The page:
Dec 5, 2014 7:37 PM
Gun used to shoot George Wallace being auctioned
The Associated Press
MONTGOMERY, Ala. (AP) An Illinois auction house is selling the revolver that almost killed former Alabama Gov. George Wallace in a 1972 assassination attempt as he ran for president.
Rock Island Auction Co., which specializes in rare firearms, listed the revolver for sale in a Friday auction. Company vice president Judy Voss said the company's investigation shows it is the same gun that was used by Arthur Bremer in the shooting.
"There is no doubt," Voss said.
Voss says the serial number on the gun matches that listed on police reports. Voss says a May 15, 1972, date and initials etched into the gun also match law enforcement records.
Bremer shot Wallace during a Maryland campaign stop for the Democratic nomination for president, which he lost to George McGovern. The shooting left Wallace paralyzed from the waist down and in constant pain for the rest of his life. Bremer at the time said his intent was to gain fame by killing either Wallace or then-President Richard Nixon.
Voss said the serial number on the gun also matches the Casanova Gun shop receipt where Bremer purchased it.
The auction company gave a presale estimated value of between $15,000 and $30,000. It was not immediately known if the gun sold on Friday.
Voss did not say who was selling the gun or how they came to possess it. She said many of their sellers and buyers prefer to remain anonymous. Part of the paperwork accompanying the auction includes a redacted letter referencing a fight between local and federal officials over evidence.
John Erzen, a spokesman for the Prince George's County, Maryland, State's Attorney's Office, said he doesn't know what became of the weapon after the shooting and doesn't know who's selling it.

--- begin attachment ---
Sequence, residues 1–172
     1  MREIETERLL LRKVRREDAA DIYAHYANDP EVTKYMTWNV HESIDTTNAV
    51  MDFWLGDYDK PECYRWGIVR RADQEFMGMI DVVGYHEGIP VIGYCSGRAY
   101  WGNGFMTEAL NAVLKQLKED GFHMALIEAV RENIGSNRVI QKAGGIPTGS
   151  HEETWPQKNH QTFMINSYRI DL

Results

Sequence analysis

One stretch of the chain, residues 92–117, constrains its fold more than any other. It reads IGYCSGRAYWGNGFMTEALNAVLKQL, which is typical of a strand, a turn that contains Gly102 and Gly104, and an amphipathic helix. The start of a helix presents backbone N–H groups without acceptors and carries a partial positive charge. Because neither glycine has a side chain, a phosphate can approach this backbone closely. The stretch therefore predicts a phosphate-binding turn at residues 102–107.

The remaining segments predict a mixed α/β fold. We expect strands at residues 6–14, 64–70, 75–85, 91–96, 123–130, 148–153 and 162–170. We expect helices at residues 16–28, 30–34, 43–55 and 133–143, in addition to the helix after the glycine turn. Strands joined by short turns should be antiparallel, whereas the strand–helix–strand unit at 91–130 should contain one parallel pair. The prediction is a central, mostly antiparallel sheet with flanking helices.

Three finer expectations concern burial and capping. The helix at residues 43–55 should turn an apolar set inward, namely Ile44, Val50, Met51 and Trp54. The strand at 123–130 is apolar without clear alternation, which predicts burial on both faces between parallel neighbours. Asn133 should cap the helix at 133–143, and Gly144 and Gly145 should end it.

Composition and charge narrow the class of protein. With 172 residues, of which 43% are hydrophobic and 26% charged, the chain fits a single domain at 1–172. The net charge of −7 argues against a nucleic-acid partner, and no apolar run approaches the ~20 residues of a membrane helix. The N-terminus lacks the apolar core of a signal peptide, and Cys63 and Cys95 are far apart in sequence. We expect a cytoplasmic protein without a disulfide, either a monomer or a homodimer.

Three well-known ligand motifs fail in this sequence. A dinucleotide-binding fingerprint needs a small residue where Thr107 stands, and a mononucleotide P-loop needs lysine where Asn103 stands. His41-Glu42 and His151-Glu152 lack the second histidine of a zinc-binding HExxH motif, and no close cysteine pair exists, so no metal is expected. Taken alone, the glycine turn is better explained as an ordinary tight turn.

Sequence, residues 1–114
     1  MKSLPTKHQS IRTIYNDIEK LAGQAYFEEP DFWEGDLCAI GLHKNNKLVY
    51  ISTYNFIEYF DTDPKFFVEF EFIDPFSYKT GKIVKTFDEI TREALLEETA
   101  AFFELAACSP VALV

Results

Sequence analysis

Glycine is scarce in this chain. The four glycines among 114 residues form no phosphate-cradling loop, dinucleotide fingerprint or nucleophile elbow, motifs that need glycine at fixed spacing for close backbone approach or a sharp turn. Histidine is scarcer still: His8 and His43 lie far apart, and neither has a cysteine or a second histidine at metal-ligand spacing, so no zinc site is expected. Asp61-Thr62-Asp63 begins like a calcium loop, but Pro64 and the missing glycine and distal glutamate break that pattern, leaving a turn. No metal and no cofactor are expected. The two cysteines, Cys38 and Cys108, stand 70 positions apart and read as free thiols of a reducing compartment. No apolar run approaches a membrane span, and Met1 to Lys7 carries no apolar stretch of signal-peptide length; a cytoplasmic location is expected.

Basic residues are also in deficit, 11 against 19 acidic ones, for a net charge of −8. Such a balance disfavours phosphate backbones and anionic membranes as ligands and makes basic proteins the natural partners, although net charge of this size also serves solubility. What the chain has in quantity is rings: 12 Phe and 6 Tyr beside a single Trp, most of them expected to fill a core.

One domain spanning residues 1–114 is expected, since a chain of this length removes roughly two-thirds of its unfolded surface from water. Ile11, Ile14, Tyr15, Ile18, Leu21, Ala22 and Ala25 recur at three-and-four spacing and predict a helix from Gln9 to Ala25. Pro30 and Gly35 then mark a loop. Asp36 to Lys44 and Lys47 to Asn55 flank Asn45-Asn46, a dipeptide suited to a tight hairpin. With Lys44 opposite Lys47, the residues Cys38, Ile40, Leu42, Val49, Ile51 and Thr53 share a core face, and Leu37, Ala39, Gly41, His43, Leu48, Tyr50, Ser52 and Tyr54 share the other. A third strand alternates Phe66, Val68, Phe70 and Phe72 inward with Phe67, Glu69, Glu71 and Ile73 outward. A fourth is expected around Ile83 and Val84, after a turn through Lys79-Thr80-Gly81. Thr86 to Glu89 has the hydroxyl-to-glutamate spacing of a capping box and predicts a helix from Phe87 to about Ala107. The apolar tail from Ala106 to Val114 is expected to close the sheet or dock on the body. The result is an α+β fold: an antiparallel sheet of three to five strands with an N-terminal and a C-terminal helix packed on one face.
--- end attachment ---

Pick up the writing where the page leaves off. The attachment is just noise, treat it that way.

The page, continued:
Bremer, 64, was released from the Maryland Correctional Institution near Hagerstown on Nov. 9, 2007, after serving 35 years of a 53-year sentence for attempted murder.
Maryland Department of Public Safety and Correctional Services spokesman Gerard Shields said Friday that Bremer was still living in rural western Maryland. He said Bremer has a job doing home restoration work and has complied with the terms of his release. He has contact with the Division of Parole and Probation twice a month, Shields said.
The Alabama Department of Archives and History has the blood-stained suit that Wallace was wearing that day.
During the civil rights battles in the 1960s, Wallace, as governor, stood in a doorway to try to prevent two black students from enrolling at the University of Alabama.
He had run for governor on a platform of continued segregation for his state and throughout the South, famously delivering the line during his inaugural speech of: "Segregation now, segregation tomorrow, and segregation forever."
A previous version of this story incorrectly said the year etched into the gun was 1952.
Associated Press writer David Dishneau contributed to this report from Hagerstown, Maryland.